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There really may be some truth after all to CEO Stephen Elop’s claims that Android is enemy number-one for the struggling Finnish handset ma…

Apple Versus Nokia
photo: Flickr

There really may be some truth after all to CEO Stephen Elop’s claims that Android is enemy number-one for the struggling Finnish handset maker. Today, Nokia (NYSE: NOK) announced that it has settled all its patent litigation with Apple (NSDQ: AAPL), including the respective complaints that the two had filed with the International Trade Commission. Details are thin on the ground right now but it looks like Nokia is the financial winner in this one.

In a statement from Nokia, Elop noted that Apple will be paying Nokia for use of its patents. “We are very pleased to have Apple join the growing number of Nokia licensees,” he said. “This settlement demonstrates Nokia’s industry leading patent portfolio and enables us to focus on further licensing opportunities in the mobile communications market.”

Nokia says that it owns some 10,000 patent families — having invested some €43 billion ($61 billion) in R&D over the years.

Details, as mentioned, are somewhat thin, but patent blogger Florian Mueller thinks that even if some money was paid in turn to Apple from Nokia, it is a net win for Nokia. “I believe it’s a cross-license with Apple being the net payer in recognition of Nokia’s superior strength,” he said to me in a written exchange. “By superior strength I mean in tactical and strategic terms. Injunctions against Symbian wouldn’t have been impactful in 2012.”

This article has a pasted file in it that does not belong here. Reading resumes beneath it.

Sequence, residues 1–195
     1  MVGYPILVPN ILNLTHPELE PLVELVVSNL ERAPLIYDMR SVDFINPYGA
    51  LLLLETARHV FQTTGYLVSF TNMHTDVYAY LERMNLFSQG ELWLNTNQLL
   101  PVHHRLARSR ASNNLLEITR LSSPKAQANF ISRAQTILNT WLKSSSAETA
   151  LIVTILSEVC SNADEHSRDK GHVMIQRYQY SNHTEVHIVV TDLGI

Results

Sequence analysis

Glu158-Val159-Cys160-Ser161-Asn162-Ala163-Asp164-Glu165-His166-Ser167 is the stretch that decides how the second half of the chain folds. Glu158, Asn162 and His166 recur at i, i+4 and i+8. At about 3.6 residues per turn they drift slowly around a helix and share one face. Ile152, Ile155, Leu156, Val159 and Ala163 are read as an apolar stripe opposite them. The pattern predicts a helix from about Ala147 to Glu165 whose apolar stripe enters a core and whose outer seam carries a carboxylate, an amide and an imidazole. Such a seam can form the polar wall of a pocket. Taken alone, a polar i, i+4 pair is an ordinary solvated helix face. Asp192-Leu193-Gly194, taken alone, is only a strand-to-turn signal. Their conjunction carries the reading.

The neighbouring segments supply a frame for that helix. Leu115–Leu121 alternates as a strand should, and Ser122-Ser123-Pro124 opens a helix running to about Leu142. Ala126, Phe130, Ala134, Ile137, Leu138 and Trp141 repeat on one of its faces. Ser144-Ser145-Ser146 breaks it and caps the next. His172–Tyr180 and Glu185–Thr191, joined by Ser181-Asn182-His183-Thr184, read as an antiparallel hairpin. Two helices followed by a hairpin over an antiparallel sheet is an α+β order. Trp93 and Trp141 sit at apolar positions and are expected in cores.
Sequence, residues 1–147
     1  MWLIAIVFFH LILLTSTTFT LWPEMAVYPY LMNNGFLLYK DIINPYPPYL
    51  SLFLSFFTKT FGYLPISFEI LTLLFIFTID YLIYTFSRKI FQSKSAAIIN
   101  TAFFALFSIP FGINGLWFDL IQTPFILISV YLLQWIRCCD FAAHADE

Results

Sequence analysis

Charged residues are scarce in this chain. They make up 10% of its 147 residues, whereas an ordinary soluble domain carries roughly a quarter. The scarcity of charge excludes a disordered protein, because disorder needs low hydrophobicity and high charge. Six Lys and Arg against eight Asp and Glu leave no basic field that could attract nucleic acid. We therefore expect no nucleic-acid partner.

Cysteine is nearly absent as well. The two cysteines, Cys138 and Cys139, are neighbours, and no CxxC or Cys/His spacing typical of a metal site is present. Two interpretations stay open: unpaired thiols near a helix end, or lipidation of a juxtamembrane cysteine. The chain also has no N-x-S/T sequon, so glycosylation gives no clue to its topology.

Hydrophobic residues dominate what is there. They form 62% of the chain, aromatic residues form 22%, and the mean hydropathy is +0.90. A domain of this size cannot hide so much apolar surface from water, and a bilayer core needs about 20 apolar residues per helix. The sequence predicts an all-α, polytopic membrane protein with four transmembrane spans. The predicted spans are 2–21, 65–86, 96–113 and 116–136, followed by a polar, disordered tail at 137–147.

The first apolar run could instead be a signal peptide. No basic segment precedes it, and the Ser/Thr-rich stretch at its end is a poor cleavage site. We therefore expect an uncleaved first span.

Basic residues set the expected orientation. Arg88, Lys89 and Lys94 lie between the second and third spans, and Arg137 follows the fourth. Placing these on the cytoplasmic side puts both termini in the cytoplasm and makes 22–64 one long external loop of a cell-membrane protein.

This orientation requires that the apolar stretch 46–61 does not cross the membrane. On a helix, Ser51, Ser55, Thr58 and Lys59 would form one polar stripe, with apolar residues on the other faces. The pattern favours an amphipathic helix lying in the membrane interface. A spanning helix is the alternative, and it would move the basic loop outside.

The two mobile phone giants have been locked in disagreement over patent infringement since 2009 and have filed suits and countersuits with the ITC as well as the Federal Trade Commission and in Europe. The attacks have come consistently over that time — with the latest, another ITC complaint by Nokia, happening as recently as March.

People had long thought that the chief smartphone battle might well be between these two giants — that goes back as far as 2007 when Nokia tried to compete on Apple’s terms with a retail store effort (that didn’t turn out too well, with the store closing less than a year later).

But Elop had said in an interview earlier this year that Apple was not the company’s biggest competitor: Android and Google (NSDQ: GOOG) were.

Why would Apple have settled now? It’s enticing to think about how this case might relate to others that Apple is facing — for example against Samsung, and potentially against Lodsys if it is granted the right to participate in its case with developers. Licensing patents from one place could be a good defense against patent attacks from another.

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